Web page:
Northern Ireland

EU referendum proves battleground

Owen Paterson
Image caption The Secretary of State and his Conservative colleagues face a battle over the referendum.

On Monday, MPs will consider whether there should be a referendum on UK membership of the European Union.

This referendum vote and a potential rebellion by Tory MPs is the talk of the tea rooms at Westminster.

It has divided opinion and has already prompted one MP to talk of resignation.

Stewart Jackson, who is parliamentary private secretary to Northern Ireland Secretary Owen Paterson, has said he will vote for a referendum and quit his junior position in government.

He knows the consequences of his actions. People who are parliamentary private secretaries are considered to be part of the government's 'payroll vote' and are expected to resign if they rebel in Commons votes.

Stewart Jackson told the BBC: "This is a question of putting, I believe, country and constituency first and party second because in the end it's a question about whether we trust the European elite that has led us into the calamity of European governance."

He is not the only Conservative who will defy party whips and vote for a referendum.

Defying Cameron

Tory backbencher Mark Pritchard told the BBC: "This is about country first, party second and career last."

David Cameron is expected to face a significant rebellion by Tory back-benchers who are going to back a motion brought by Conservative euro-sceptic David Nuttall.

His motion calls for a referendum by May 2013 and says the public should have three options put to them in the nationwide vote - keeping the status quo, leaving the EU or reforming the terms of the UK's membership of the European Union.

It is being claimed that 59 Tory MPs have already declared their intention to defy Mr Cameron and there were reports that, in total, five ministerial aides were threatening to resign.

DUP deputy leader Nigel Dodds is a co-signatory to the motion and says his party will back the call for a referendum.

Image caption DUP deputy leader Nigel Dodds is backing a referendum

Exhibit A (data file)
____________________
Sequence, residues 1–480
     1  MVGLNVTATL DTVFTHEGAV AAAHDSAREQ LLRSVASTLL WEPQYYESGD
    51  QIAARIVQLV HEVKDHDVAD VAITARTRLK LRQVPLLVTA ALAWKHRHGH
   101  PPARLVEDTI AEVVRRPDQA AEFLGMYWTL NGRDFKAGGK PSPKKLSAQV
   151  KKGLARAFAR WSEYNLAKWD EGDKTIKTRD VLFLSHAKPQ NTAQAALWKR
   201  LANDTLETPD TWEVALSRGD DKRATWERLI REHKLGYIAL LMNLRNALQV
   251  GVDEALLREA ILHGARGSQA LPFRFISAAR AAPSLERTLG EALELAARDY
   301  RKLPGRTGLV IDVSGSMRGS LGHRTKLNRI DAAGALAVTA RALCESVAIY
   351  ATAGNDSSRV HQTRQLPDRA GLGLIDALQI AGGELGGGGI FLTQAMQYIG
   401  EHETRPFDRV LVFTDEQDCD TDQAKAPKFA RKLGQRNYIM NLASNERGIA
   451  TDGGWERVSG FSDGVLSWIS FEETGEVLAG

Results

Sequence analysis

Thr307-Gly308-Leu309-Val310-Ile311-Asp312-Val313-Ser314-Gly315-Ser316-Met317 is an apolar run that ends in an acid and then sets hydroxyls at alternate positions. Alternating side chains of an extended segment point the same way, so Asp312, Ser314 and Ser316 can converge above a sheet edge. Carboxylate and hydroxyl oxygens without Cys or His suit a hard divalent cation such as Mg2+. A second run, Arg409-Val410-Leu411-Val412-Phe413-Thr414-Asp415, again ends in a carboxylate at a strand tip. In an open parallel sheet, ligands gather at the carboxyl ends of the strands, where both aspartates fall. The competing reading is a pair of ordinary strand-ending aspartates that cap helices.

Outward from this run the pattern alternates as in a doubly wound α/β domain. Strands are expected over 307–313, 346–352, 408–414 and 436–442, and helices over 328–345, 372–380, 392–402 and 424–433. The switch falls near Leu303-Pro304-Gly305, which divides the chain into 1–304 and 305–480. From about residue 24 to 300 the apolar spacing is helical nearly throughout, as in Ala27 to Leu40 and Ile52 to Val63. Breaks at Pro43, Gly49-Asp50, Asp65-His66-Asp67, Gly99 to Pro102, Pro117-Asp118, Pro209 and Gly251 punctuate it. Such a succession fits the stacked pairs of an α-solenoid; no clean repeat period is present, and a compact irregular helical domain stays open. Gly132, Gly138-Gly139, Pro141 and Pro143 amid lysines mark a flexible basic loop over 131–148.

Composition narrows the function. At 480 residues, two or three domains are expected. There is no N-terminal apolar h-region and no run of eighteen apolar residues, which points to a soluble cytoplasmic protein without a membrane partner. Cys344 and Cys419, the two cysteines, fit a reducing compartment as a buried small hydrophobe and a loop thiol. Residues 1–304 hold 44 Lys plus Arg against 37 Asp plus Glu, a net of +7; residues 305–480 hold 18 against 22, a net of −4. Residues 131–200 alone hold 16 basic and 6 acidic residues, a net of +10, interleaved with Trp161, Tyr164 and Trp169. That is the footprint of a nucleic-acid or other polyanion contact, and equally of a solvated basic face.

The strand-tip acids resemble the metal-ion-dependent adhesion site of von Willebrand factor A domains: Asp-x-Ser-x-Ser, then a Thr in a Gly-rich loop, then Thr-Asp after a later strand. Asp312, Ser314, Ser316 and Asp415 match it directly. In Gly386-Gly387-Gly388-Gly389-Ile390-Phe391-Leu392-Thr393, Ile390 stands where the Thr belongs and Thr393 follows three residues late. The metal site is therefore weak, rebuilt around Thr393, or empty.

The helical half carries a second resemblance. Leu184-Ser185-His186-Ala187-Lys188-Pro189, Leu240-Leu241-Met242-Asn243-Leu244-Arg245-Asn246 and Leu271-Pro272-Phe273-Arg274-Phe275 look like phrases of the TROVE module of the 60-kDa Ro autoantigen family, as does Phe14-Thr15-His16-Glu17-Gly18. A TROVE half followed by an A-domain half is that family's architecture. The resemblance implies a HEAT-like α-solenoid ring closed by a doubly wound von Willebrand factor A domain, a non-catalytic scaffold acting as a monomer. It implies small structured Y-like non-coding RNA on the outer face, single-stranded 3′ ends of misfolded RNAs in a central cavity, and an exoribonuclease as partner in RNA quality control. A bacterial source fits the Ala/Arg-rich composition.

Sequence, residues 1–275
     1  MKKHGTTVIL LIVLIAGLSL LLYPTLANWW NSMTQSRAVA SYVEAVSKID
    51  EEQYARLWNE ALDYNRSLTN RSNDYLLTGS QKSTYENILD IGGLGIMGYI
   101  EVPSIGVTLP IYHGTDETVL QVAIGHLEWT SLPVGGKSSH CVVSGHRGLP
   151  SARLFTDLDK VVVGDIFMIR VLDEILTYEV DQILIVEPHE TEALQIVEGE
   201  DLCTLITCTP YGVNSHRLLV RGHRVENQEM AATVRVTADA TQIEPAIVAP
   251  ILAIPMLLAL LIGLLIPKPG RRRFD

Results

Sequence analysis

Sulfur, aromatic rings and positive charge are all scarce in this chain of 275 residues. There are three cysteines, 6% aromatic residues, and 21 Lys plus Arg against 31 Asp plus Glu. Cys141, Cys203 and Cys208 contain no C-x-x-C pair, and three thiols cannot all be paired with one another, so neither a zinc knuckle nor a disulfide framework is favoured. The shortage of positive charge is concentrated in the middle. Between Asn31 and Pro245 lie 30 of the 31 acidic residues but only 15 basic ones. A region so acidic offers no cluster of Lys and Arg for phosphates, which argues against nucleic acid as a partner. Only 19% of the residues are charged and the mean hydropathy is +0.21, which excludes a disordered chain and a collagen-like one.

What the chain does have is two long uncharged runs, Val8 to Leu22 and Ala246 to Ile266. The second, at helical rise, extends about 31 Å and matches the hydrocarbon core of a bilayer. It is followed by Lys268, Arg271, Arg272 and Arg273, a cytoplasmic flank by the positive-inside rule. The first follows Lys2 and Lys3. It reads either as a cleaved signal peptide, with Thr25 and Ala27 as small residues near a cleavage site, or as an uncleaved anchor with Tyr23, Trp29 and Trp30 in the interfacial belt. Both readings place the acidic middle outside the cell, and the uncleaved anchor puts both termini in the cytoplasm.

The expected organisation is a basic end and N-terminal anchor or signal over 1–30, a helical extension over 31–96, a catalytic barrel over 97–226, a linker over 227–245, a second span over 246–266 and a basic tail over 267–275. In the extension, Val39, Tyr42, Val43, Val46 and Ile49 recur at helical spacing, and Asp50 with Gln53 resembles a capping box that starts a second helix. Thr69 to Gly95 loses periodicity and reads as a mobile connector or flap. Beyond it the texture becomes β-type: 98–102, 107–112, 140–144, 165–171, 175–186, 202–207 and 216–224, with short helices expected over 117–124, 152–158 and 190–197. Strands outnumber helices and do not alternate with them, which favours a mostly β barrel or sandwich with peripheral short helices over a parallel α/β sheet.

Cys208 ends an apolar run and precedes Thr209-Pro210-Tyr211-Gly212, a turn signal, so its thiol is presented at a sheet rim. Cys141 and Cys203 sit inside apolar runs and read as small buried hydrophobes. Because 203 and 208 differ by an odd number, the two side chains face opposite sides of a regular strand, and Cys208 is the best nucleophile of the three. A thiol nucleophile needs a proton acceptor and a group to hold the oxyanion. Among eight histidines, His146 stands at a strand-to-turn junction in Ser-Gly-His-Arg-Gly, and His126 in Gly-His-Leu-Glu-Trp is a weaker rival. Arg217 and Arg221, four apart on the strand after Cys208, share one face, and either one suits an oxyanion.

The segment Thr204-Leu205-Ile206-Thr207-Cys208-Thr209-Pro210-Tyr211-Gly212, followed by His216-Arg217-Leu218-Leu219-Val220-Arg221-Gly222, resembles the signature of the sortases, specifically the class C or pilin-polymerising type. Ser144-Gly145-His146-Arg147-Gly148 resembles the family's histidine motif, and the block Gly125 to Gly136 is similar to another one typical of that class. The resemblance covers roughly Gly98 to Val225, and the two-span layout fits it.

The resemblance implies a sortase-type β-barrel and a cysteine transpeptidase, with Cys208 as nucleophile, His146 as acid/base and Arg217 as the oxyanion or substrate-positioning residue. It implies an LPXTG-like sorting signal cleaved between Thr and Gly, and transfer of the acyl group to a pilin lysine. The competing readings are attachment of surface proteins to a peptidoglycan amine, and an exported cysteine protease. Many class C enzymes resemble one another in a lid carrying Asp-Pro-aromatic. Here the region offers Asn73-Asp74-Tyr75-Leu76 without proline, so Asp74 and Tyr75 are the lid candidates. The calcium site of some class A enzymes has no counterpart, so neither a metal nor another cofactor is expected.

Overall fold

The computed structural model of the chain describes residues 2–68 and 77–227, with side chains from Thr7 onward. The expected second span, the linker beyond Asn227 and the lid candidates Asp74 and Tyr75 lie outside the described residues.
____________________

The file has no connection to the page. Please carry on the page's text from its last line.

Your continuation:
He told BBC News: "Everyone should be in favour of letting everyone have their say."

He claimed that: "All the main parties have let down the people of the UK."

The Conservatives, Liberal Democrats and Labour will all ask their MPs to oppose the move and Mr Cameron has argued that whilst he shares MPs' frustrations he would oppose calls for a vote.

The vote was called by the Backbench Business Committee after receiving a petition with more than 100,000 signatures. Although the result will not be binding if MPs back the idea, the Prime Minister will come under pressure to hold a referendum.

SDLP MP for South Down Margaret Ritchie said she and her party colleagues will vote against the motion.

"The SDLP are strong pro-europeans and we don't believe there is any call for this motion," she said.

She thinks the vote is "an attempt to undermine political institutions in Europe".

Others too believe that internal party politics are at play here. East Belfast MP Naomi Long suspects some politicians who are behind the referendum motion are being mischievous.

"People are playing games here. I don't believe this motion is constructive," she said.

"Europe has been beneficial to Northern Ireland and we need to be in there to shape it."

Shaping Europe

Ms Long's concerns are shared by Shadow Secretary of State Vernon Coaker. The Labour MP who has recently been appointed as Shaun Woodward's successor thinks the referendum motion is a "distraction".

He told BBC News: "This debate about Europe does not help". He added that it illustrates there is "a huge fissure opening up in the Tory party".

However, Labour are not without their own rebels. Labour MP Graham Stringer has criticised his party leader Ed Miliband and said back-benchers should be free to vote in any way.

Mr Stringer, who said he will vote for the motion, accused all three party leaders of making a "mistake" at a time when the public were "clearly aching for a say on Europe".

This motion has been brought forward by three days to allow Mr Cameron and Foreign Secretary William Hague to attend. They were both due to miss the original date on 27 October because of a trip to Australia.

Monday's debate will last for most of the day but it is clear that the ramifications from it will last an awful lot longer.